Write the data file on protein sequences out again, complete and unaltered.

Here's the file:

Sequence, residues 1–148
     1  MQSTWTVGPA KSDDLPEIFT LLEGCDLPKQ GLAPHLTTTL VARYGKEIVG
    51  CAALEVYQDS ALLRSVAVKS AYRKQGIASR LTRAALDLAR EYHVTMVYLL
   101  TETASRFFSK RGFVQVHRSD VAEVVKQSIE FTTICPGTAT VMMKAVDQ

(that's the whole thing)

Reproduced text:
Sequence, residues 1–148
     1  MQSTWTVGPA KSDDLPEIFT LLEGCDLPKQ GLAPHLTTTL VARYGKEIVG
    51  CAALEVYQDS ALLRSVAVKS AYRKQGIASR LTRAALDLAR EYHVTMVYLL
   101  TETASRFFSK RGFVQVHRSD VAEVVKQSIE FTTICPGTAT VMMKAVDQ